By Jessie Coleman '13Staff Writer
Oct. 19 - 23 was Fat Talk Free Week at Scripps, hosted by the Sallie Tiernan Field House. This year’s slogan is “Friends Don’t Let Friends Fat Talk”. “Fat talk” is defined as any negative talk about body image, ranging from unrealistic comparisons to the thin ideal of women endorsed by the media. Examples of fat talk would be: “My thighs are too big,” “Why is he dating her? She’s too chubby,” or “Do I look fat in this? Fat talk also includes good intentioned comments such as, “You look great! Have you lost weight?” The main goal of this event is to educate women at Scripps and the other 5C’s about fat talk in the hopes for eventually eliminating it. “Fat Talk Free Week” was established three years ago by the Body Reflections Program at Trinity University and promoted through the Delta Delta Delta sorority. It is now on more than 50 college campuses in the U.S. and Canada, but it is an event and idea that can be hosted by any group or institution that would like to help spread awareness about the importance of positive body image.
The event raises awareness about the importance of reinforcing positive self-image for women in everyday conversation. According to the National Eating Disorders Association, almost 10 million American women suffer from anorexia or bulimia. Rather than focusing on the negative, women are encouraged to reinforce positive attitudes about their intellect, social life and emotional qualities. This discourages women from focusing on all physical attributes and instead on the important characteristics of who they really are as a person. Remaining conscious about fat talk can aid in maintaining better self-esteem and confidence in yourself. This is in hopes for “changing the conversation” about body image for the better and to focus on realistically maintaining good health.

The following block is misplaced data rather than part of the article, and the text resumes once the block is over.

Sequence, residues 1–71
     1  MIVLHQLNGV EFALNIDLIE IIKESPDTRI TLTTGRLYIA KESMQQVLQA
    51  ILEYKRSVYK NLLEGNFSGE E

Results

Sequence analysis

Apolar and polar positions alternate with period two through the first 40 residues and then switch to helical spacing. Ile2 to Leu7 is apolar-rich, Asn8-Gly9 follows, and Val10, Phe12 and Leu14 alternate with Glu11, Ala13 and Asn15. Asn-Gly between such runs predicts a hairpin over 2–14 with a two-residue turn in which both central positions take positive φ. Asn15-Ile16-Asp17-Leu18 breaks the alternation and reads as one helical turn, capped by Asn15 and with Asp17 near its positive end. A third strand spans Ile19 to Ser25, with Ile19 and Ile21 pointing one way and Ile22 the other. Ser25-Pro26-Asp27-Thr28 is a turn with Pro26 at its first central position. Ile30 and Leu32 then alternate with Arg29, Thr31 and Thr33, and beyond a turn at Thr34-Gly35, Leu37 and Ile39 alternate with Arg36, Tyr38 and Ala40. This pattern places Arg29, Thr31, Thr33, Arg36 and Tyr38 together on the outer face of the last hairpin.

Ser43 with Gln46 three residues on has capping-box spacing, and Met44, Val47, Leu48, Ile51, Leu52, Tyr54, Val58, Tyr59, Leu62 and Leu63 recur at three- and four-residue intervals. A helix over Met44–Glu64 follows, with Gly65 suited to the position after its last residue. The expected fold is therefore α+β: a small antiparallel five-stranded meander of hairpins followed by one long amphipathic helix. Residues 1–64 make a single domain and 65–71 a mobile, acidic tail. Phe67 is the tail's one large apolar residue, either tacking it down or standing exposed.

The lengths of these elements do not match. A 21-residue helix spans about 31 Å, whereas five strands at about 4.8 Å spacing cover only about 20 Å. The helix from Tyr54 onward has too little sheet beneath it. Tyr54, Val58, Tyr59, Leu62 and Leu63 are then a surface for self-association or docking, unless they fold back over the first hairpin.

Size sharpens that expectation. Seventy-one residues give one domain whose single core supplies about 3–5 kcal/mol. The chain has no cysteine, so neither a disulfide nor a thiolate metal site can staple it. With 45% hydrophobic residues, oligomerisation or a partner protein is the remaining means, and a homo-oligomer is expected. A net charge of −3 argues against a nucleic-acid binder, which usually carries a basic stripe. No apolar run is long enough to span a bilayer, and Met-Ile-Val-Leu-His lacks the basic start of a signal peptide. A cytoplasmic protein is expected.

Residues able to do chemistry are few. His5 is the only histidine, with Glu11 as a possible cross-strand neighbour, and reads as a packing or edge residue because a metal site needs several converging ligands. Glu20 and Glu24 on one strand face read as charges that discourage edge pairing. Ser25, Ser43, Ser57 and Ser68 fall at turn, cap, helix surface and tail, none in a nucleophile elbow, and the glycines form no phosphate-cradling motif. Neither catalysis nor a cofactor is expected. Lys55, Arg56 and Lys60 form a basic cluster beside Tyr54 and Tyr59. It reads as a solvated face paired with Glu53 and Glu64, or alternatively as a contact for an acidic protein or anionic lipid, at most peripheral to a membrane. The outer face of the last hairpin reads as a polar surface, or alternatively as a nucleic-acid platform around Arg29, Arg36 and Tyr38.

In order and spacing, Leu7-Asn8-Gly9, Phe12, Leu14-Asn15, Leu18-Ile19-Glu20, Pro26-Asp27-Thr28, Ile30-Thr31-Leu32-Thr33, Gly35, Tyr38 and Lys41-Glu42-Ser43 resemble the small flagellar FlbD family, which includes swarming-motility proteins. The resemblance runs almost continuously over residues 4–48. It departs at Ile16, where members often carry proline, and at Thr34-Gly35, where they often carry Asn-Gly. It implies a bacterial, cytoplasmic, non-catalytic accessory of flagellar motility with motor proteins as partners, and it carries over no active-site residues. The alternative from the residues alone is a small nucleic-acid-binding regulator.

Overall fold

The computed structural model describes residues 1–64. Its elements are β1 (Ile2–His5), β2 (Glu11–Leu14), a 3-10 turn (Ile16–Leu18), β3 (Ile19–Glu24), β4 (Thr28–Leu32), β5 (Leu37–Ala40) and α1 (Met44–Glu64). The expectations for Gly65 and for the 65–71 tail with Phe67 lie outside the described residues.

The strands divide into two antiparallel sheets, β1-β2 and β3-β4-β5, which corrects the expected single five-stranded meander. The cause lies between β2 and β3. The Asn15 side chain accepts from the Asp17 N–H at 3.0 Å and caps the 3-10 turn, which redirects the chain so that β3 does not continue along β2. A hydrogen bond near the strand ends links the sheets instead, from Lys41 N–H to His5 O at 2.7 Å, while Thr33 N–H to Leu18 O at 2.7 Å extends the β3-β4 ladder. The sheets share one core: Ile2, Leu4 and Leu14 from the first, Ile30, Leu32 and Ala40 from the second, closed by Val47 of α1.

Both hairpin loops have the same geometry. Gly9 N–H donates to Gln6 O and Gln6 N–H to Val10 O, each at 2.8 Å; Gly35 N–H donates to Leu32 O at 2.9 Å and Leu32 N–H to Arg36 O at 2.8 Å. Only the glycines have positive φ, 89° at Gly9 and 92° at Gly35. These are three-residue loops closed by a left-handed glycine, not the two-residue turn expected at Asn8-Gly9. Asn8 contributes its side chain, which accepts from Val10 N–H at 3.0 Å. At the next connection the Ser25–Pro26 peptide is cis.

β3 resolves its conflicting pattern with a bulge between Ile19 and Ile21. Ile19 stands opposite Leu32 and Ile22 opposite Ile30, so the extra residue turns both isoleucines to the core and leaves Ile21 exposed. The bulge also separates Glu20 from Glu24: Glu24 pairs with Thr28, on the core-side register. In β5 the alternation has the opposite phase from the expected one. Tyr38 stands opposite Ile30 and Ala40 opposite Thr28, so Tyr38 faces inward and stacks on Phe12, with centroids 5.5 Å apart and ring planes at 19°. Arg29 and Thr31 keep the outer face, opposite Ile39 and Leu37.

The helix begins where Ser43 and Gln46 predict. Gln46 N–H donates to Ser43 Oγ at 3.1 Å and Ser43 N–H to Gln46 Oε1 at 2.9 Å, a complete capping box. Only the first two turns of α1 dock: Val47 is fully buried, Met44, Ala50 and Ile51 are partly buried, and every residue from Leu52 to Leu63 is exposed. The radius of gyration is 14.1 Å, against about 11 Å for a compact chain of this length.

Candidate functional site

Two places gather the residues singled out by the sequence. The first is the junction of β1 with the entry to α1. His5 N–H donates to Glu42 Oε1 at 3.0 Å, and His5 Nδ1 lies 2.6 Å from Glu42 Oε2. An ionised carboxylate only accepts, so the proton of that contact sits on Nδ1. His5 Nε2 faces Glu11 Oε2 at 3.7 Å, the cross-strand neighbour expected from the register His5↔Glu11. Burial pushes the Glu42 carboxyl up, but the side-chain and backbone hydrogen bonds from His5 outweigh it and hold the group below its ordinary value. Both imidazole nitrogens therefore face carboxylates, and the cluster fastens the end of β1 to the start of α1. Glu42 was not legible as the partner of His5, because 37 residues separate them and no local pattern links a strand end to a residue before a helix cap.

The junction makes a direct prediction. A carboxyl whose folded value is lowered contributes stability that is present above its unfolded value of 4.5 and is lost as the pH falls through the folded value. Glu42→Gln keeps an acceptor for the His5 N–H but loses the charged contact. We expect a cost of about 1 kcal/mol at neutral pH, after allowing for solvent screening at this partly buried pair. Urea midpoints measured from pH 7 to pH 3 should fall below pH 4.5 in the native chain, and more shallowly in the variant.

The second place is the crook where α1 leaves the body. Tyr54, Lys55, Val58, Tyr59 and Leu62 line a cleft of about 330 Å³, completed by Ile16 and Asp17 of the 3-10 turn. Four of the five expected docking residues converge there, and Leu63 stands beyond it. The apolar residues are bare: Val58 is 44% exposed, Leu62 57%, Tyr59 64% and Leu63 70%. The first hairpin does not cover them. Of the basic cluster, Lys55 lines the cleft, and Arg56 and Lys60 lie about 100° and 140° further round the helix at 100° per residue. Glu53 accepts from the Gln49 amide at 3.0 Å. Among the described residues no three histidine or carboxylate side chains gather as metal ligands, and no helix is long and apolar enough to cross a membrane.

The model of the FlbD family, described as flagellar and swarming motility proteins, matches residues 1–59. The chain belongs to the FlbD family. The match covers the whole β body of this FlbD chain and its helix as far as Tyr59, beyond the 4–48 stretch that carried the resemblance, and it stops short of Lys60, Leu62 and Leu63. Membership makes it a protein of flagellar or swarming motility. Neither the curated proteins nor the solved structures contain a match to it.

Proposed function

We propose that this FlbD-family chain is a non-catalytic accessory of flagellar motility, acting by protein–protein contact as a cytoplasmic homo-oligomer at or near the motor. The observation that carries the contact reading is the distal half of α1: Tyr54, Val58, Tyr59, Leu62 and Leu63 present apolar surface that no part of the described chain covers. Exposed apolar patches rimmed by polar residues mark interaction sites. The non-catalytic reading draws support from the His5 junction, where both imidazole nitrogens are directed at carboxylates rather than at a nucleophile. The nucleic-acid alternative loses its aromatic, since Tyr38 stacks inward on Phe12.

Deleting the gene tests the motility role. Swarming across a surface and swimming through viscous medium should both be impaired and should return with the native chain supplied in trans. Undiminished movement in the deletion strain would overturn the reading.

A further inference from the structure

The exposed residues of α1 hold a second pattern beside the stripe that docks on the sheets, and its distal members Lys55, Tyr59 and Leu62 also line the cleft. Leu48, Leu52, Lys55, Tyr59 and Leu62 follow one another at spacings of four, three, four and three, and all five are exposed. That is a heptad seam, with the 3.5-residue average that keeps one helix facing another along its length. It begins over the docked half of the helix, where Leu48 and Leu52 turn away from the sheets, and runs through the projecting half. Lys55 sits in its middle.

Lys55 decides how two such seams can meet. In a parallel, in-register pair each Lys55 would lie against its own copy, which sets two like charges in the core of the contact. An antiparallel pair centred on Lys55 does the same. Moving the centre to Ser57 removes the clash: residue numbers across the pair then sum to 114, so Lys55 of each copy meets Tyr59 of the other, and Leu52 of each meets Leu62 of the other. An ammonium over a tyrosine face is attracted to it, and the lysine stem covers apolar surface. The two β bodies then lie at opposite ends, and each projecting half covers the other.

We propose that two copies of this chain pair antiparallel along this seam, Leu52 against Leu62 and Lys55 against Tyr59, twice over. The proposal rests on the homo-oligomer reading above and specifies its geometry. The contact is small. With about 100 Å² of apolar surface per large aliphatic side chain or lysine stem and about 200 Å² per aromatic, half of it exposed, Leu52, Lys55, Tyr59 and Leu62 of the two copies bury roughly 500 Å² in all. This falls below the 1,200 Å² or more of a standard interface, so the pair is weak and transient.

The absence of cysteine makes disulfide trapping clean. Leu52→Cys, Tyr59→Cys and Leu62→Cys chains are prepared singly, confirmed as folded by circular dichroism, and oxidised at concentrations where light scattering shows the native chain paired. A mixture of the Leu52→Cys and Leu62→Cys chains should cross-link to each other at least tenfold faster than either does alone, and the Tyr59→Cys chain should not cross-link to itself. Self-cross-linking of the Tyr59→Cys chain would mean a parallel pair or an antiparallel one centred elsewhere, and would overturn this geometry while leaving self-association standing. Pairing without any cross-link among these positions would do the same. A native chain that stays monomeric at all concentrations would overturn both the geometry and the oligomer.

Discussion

The events hosted by Tiernan Field House included discussions and workshops to promote dialogue between students about how fat talk affects the daily lives of so many people. Students were also encouraged to pledge not to engage in fat talk for the week, with the hope of continuing on after “Fat Talk Free Week” ends. Discussions were led by students and by staff members. Students from Scripps and the other 5C’s were invited to participate in educating themselves about fat talk. This also provided a medium where students could share their personal issues with fat talk, where they notice it and how it has affected their lives. Students found that many of their peers share these insecurities; they are most definitely not alone. This curriculum also offers exercises to reinforce positive self-image, such as writing down one negative comment about yourself and then throwing it in the trash or looking in the mirror and saying “I’m beautiful”. “Friends don’t let friends fat talk” because friends don’t want to perpetuate dissatisfaction in other friends’ lives.